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Banks divided between wait-and-see and full steam ahead

Banking Essentials Newsletter December Edition Part 2

Banking Essentials Newsletter - November Edition

University Essentials | COVID-19 Economic Outlook in Banking: Rates and Long-Term Expectations: Q&A with the Experts

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Banks divided between wait-and-see and full steam ahead

Kevin Dobbs isa senior reporter and columnist. The views and opinions expressed in this piecerepresent those of the author or his sources and not necessarily those of S&PGlobal Market Intelligence. Follow on Twitter @Kevin1Dobbs.

Whilethe industry awaits the Federal Reserve policymakers' next move on interest rates— as it has for years — some community banks areeffectively in wait-and-see mode, eager to see a return to normalization on ratesand more signs of economic vigor but dubious about pushing too hard for growth inthe meantime.

That helps explain why banks' overall loan growth has been modestfor several quarters. Mostrecently, an S&P Global Market Intelligence found that median loan growthamong banks under $10 billion in assets during the fourth quarter of last year was1.72%.

Yet there are several steadily expanding banks that prove strongergrowth is achievable in the current environment, and as such, these lenders standapart in the minds of many analysts.

"All they can control is what they can control, so they focuson what they can do best and are fighting for everything they can regardless ofwhat the Fed does or might do," James Bradshaw, an analyst at Bridge City Capital LLC, said in an interview.

Irvine, Calif.-based Pacific PremierBancorp Inc., for one, originated $252 million of new loans in the , for 7% sequentialgrowth, 4x the national median and culminating a year of consistent expansion. Itsadvances spanned its Southern California footprint and multiple business lines,including commercial-and-industrial, construction and Small Business Administrationlending.

PacificPremier has also been acquisitive, cinching an open-bank deal early in 2015 andanother one early this year. But the bank says what is key is building off of dealsto drive organic growth. In presentations,executives credit a lending culture aimed at high rates of contact with customersand prospective clients, as well as a relatively diverse product set for a communitylender, which helps it deepen connections with each customer.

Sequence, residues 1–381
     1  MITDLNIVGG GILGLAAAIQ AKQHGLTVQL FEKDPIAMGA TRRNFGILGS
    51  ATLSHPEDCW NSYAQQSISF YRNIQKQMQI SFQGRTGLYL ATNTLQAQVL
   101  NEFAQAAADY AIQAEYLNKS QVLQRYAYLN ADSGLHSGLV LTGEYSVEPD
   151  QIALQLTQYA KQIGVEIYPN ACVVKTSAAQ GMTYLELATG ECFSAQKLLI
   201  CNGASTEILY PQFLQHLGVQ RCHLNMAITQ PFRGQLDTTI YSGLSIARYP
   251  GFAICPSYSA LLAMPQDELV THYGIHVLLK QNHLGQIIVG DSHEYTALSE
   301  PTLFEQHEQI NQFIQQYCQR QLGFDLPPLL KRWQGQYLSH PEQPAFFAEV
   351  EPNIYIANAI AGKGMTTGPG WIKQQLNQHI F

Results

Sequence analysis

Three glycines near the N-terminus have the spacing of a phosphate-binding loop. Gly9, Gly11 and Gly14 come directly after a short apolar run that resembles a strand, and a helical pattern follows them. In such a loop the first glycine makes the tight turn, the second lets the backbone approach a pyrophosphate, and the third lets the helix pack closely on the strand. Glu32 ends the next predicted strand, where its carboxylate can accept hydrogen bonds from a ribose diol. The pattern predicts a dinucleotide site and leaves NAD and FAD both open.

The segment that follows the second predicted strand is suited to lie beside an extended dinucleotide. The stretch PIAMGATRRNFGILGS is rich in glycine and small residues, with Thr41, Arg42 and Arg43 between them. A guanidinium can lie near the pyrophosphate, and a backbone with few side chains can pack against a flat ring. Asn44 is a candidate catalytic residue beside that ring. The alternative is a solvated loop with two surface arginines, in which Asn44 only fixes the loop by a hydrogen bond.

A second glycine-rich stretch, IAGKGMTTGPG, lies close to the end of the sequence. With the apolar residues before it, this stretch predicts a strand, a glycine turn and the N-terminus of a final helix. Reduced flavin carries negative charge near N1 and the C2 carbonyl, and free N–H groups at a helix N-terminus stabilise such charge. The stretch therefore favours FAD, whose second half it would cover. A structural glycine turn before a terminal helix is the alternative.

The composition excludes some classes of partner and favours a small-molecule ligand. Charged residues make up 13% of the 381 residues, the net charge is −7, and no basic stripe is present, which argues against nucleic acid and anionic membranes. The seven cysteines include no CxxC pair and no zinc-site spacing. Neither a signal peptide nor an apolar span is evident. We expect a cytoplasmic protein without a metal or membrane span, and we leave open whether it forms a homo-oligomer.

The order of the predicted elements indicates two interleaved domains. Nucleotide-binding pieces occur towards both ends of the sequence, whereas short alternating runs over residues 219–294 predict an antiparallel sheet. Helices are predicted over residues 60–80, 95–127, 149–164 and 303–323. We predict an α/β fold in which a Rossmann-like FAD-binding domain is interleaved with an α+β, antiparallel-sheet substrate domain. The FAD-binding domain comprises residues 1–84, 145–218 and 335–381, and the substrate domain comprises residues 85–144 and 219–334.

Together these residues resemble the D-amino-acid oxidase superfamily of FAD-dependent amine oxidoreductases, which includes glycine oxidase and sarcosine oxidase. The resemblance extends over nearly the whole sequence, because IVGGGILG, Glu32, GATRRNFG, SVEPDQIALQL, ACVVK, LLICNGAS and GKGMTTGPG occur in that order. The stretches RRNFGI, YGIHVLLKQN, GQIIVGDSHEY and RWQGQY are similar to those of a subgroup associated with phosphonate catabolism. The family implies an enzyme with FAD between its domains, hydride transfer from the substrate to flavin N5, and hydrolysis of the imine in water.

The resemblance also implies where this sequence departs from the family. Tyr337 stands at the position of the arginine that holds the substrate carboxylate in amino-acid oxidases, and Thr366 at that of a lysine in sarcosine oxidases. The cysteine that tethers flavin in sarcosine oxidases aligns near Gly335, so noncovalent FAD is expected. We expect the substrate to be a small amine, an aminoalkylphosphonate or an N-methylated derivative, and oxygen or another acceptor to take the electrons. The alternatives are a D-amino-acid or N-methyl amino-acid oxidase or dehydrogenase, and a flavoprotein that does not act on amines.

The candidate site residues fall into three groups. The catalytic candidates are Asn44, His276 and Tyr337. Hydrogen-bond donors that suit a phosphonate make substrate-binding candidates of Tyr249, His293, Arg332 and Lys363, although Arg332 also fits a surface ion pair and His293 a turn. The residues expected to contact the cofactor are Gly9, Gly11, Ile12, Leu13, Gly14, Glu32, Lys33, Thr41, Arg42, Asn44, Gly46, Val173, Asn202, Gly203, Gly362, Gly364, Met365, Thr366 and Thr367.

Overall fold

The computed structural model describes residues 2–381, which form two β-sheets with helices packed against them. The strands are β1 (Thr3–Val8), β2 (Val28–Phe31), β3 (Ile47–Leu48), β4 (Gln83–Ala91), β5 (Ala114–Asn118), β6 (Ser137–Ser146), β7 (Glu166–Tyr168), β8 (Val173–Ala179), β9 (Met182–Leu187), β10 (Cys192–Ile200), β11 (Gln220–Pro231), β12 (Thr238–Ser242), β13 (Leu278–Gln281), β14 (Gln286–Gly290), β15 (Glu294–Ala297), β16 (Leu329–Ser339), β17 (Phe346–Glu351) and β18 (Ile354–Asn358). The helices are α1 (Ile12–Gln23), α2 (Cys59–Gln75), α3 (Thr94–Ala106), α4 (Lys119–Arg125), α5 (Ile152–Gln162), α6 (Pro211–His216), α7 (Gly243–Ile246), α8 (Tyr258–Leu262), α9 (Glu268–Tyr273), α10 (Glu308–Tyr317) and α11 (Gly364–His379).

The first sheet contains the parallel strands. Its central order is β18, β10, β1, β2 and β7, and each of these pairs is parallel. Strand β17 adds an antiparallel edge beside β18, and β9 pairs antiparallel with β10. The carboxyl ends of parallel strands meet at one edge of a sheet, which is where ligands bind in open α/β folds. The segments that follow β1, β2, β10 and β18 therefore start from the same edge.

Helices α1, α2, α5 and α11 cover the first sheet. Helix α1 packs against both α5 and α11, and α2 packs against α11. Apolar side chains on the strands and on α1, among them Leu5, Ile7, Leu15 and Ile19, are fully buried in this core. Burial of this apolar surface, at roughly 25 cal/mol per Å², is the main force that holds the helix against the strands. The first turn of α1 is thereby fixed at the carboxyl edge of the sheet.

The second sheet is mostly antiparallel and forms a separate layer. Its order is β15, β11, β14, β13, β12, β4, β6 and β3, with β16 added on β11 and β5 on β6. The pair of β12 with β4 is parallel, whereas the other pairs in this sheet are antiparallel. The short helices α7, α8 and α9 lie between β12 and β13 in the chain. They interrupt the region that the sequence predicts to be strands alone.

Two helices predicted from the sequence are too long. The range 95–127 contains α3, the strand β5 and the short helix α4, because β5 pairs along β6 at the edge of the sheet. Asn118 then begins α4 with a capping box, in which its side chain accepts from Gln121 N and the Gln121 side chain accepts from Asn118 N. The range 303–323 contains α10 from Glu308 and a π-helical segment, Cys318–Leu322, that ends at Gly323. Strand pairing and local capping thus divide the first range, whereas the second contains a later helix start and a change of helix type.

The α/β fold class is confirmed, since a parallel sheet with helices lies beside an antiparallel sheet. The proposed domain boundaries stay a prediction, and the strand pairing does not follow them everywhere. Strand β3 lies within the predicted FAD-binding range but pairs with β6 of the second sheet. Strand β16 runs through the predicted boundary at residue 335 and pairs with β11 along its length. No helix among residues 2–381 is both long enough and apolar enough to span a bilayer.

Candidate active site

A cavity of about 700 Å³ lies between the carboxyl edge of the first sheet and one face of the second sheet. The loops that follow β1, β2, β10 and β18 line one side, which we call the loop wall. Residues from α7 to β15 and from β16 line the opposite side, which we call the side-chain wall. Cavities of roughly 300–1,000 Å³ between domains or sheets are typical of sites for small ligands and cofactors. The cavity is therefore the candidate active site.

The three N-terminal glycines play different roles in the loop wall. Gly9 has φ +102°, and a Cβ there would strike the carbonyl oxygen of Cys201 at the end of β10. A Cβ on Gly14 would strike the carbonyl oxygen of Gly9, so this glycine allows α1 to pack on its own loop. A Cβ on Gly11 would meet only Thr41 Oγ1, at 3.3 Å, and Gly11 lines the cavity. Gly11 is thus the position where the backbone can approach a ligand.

Marketshare gains have resulted, driving high volume on the lending front and helpingto offset the downward impact on profitability imposed by low interest rates.

Despiteone rate increase late in 2015, Fed policymakers have since kept their benchmarkrate near historic lows, eyeing global economic uncertainty and a domestic energyslump. But some banks and analysts say many local economies, particularly in traditionalhigh-growth areas such as the West Coast, are generally on solid footing.

"It'sreally very strong," Bradshaw said of West Coast economic conditions, notablyin major metropolitan areas. Some are more robust than others, he said, "butalmost nothing is really weak right now."

Nationally,economic data has been uneven in recent months, with the manufacturing sector gettingbruised by slower export activity, and the energy sector beat up by prolonged lowoil prices. But the all-important jobs market continues to expand substantially,providing notable reason for optimism, analysts say. U.S. employers added , followinga gain of 245,000 the previous month, according tothe most recent federal estimates.

"While the jobs figure convinced the markets that we weren'tsliding into a recession, it also provided the Fed with sufficient cover to signalthat additional rate hikes in 2016 are still on the table," analyst Joe Gladue of Merion Capital Group said in a note.

But evenif the Fed does not act soon, more banks could join Pacific Premier and forge aheadwith more aggressive growth initiatives, analysts say. In a separate , Gladue pointed to Signature Bank as a prime example of one that has done this.

New York-basedSignature Bank, he noted, emphasizeshigh-touch, relationship banking with a single point of contact for its commercialcustomers, connecting lenders directly with executives.

"Thebusiness model needs few physical locations and no middle management, resultingin a very low cost, efficient organization," Gladue added.

This, coupled with regular recruiting of established private client bankingteams, has helped the company generate compound annual loan growth rates in excessof 35% over the last five years, he said.

"[W]esee this trend continuing," Gladue wrote.

Among privately owned lenders, 's is another casein point. It, too, employs a high-touch approach, winning business with consistentlystrong customer service, says Chairman and CEO J. Patrick Hickman. The Happy, Texas-based companyhas substantially boosted earnings over the last several years, using select open-bankand branch acquisitions to help it drive organic expansion.

Its total loans have doubled over the past five years, with about two-thirdsof that coming via organic means, Hickman said while speaking last week at the SNL FinancialCommunity BankersConference in suburban Dallas. While all community lenders tout service as theirhallmark, he said, not all successfully emphasize it every day, establishing itas the principal focus for every employee and winning recognition for it among customers.But it is paramount, he said.

"Weare growing the bank because people are choosing to do business with us," Hickman said.